Null and alternative hypothesis (1 Viewer)

Hivaclibtibcharkwa

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Can someone help me with these question, like with question b would the null hypothesis be that it’s less than 70 or would the alternative hypothesis say that?62AC07E2-A2D9-4B99-A1B6-96309573DBD7.png
 
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cossine

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Can someone help me with these question, like with question b would the null hypothesis be that it’s less than 70 or would the alternative hypothesis say that?
The null hypothesis is always an equality. The reason for this is computation.

Because the definition p-value is

p-value = P(getting test statistic that is more contradictory or equally contradictory to the null hypothesis | H0 )

It may help to read Probability and Statistics for Engineering Sciences by Jay L. Devore

It will explain things in more detail
 

Hivaclibtibcharkwa

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The null hypothesis is always an equality. The reason for this is computation.

Because the definition p-value is

p-value = P(getting test statistic that is more contradictory or equally contradictory to the null hypothesis | H0 )

It may help to read Probability and Statistics for Engineering Sciences by Jay L. Devore

It will explain things in more detail
Ah sorry just realised I didn’t put in the imahe
 

jimmysmith560

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In general, we reject the null hypothesis if the p-value is less than the significance level α.

If the alternative hypothesis contains the not‐equal‐to symbol (≠), the hypothesis test is a two‐tailed test. Otherwise, all other tests are one-tailed.

If needed, below are solutions to each part, based on the above information. As cossine mentioned, definitely try to attempt the question(s) first to see if you can apply your understanding in your working:

Part (a):

Suppose is the average age of Sydney residents; then is , and is . Note that this is a one-tailed hypothesis test. Here, the p-value 0.0170 is less than the significance level . So we reject the null hypothesis.

Conclusion: this sample information does indicate that the mean age in Sydney has increased from 35 years.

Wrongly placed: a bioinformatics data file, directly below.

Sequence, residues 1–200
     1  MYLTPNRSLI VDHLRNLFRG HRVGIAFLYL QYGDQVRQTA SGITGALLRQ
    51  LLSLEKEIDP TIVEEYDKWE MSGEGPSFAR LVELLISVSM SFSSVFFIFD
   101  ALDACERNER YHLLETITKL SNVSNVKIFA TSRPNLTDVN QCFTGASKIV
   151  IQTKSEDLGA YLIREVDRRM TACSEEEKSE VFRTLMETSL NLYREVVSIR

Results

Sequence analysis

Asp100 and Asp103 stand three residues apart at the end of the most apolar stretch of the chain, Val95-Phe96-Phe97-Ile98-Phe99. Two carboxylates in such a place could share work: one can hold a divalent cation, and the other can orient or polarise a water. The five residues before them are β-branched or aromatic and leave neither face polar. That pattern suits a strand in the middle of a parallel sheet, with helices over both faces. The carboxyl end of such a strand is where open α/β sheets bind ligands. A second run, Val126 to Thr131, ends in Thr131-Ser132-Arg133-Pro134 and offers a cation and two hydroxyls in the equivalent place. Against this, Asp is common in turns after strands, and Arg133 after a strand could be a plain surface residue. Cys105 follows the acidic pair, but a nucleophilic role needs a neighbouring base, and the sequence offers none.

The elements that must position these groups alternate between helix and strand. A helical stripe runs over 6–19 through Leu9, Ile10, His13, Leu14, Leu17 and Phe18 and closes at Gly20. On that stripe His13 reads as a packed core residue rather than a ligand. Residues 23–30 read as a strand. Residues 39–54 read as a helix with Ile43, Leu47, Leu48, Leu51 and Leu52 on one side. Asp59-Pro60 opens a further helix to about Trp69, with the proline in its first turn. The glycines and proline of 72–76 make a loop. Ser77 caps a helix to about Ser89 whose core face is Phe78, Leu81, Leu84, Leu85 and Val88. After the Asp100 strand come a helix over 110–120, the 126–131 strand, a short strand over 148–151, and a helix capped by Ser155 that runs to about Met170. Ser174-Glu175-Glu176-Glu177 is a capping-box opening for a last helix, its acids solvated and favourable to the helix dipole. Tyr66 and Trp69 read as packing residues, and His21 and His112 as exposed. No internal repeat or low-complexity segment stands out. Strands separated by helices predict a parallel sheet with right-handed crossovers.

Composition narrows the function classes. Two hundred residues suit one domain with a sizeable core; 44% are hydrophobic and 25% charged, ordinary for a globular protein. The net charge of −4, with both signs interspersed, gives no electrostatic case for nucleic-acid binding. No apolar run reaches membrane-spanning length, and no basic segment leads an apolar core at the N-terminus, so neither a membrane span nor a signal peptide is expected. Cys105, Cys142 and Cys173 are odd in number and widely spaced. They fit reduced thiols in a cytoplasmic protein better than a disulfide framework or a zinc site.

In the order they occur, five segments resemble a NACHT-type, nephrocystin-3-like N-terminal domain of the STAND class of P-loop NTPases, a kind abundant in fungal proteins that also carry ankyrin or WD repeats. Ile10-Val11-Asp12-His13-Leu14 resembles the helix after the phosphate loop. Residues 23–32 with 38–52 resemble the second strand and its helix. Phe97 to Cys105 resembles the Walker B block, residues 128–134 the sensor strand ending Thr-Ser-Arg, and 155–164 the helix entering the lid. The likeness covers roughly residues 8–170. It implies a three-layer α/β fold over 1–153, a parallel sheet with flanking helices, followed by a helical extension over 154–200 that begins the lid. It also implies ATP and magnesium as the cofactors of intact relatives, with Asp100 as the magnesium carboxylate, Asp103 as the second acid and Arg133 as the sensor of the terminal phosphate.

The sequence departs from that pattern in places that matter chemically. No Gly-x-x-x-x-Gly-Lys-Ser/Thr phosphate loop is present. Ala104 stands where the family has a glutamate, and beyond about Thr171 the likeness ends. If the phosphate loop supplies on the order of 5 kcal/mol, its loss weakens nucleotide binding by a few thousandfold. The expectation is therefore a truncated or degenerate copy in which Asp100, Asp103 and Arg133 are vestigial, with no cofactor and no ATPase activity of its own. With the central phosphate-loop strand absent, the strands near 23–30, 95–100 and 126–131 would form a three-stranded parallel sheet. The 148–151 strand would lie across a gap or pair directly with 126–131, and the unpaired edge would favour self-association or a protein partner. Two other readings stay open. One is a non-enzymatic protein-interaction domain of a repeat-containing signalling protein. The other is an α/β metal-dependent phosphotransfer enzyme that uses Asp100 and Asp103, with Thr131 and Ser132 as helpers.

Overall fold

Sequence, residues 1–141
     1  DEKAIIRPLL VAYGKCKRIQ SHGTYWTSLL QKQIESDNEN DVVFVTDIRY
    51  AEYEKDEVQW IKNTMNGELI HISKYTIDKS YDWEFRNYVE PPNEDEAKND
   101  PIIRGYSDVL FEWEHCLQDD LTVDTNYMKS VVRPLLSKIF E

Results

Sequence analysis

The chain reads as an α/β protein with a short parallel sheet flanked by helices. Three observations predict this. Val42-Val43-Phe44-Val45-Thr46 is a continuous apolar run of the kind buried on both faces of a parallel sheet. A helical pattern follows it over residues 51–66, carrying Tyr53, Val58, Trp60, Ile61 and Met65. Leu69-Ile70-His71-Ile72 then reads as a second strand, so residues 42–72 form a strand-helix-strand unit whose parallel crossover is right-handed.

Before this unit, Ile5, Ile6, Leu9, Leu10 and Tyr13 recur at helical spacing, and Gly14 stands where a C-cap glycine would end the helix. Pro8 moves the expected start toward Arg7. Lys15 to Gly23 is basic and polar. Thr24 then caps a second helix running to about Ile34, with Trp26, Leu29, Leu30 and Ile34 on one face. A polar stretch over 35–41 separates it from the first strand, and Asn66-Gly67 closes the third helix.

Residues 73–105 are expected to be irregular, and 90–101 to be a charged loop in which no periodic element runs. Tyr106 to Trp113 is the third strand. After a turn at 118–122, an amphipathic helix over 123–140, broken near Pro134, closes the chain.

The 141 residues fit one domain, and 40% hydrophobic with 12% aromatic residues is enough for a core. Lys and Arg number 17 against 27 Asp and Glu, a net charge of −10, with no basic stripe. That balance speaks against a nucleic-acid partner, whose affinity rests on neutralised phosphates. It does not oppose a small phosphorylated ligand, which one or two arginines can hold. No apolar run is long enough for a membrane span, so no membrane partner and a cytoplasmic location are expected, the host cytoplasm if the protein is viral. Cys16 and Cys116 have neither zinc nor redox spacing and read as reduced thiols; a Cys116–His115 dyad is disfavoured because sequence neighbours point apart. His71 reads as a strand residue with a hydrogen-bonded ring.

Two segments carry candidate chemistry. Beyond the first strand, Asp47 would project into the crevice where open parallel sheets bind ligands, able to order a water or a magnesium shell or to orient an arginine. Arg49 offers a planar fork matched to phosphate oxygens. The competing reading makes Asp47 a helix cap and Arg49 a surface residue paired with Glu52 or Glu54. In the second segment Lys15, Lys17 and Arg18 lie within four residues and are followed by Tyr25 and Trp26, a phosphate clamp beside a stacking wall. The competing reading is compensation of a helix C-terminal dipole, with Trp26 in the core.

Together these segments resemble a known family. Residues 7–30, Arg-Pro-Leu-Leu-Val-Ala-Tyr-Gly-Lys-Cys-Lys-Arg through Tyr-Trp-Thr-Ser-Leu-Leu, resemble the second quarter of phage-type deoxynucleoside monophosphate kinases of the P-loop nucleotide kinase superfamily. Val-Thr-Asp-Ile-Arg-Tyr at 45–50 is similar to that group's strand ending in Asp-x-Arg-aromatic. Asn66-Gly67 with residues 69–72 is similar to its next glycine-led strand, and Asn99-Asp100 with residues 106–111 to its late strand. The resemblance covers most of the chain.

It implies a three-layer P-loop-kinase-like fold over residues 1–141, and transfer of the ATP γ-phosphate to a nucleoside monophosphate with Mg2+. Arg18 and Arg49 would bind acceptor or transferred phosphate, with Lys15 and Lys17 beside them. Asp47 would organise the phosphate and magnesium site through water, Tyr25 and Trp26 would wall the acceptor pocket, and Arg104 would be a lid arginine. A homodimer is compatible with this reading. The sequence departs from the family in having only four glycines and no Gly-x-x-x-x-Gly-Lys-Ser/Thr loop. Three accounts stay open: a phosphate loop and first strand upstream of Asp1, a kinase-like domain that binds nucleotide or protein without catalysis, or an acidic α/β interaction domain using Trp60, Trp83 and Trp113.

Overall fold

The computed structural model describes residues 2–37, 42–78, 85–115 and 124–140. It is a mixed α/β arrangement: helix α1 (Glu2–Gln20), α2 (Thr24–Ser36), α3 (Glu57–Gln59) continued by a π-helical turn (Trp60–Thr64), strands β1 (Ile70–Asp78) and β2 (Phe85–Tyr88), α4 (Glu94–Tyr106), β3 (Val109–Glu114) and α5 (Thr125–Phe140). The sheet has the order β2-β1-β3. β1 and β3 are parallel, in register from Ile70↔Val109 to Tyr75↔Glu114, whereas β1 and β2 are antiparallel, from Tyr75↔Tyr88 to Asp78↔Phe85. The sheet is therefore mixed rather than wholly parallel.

Part (b):

Let be the average weight of this population; then is , and is . This is a one-tailed test. The standard deviation of weights in this population is . Here, the p-value 0.001 is less than the significance level . So we reject the null hypothesis.

Conclusion: the sample data do provide enough evidence for us to conclude that the mean weight for the population is less than 70 kg.

Part (c):

Let be the average IQ score of this population; then is , and is . This is a two-tailed test. Here, the p-value 0.095 is greater than the significance level . So we do not reject the null hypothesis.

Conclusion: on the basis of these data, we cannot conclude that the mean IQ score for this population is not 100.

I hope this helps! :D
 

Hivaclibtibcharkwa

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The null hypothesis is always an equality. The reason for this is computation.

Because the definition p-value is

p-value = P(getting test statistic that is more contradictory or equally contradictory to the null hypothesis | H0 )

It may help to read Probability and Statistics for Engineering Sciences by Jay L. Devore

It will explain things in more detail
Can it also be the greater than or equal to symbol?
3:37 of this video
 

cossine

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Can it also be the greater than or equal to symbol?
3:37 of this video
So if you have

H0: mean_weight >= 70
Ha: mean_weight <70

Reject the null hypothesis would be equivalent to rejecting H0: mean_weight=70

For computing the z-value you would have mean_weight=70.
 

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